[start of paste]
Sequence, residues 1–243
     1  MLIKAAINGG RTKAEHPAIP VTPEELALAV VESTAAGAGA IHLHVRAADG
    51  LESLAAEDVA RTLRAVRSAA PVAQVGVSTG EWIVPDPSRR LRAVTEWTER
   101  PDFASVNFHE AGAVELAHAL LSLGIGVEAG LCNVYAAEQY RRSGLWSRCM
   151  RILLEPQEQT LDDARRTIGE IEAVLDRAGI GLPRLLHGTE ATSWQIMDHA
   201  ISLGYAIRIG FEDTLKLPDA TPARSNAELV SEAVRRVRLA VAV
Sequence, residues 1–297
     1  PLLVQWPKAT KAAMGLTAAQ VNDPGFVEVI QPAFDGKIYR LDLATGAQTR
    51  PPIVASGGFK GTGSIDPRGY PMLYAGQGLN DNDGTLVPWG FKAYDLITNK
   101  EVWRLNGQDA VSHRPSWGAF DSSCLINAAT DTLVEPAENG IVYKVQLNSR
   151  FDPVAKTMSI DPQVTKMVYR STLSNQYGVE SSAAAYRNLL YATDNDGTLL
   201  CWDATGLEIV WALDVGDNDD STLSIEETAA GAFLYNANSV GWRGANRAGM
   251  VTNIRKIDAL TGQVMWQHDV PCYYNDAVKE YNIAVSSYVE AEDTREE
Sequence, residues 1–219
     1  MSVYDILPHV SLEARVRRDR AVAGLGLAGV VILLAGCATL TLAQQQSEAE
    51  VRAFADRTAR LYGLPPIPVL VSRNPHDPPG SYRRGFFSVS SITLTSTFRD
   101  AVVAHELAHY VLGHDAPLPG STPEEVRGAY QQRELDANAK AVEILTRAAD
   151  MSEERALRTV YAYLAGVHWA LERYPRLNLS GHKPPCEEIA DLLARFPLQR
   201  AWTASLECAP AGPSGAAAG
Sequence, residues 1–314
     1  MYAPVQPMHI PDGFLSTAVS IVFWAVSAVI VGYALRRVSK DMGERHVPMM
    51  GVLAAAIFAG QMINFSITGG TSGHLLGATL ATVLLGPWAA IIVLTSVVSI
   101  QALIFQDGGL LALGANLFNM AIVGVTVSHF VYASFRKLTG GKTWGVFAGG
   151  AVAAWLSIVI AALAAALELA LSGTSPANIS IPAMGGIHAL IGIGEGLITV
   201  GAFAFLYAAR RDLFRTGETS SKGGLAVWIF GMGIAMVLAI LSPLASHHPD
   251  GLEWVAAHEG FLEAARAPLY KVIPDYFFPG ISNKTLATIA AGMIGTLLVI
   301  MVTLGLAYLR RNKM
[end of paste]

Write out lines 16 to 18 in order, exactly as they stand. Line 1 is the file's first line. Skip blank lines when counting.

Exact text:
    51  VRAFADRTAR LYGLPPIPVL VSRNPHDPPG SYRRGFFSVS SITLTSTFRD
   101  AVVAHELAHY VLGHDAPLPG STPEEVRGAY QQRELDANAK AVEILTRAAD
   151  MSEERALRTV YAYLAGVHWA LERYPRLNLS GHKPPCEEIA DLLARFPLQR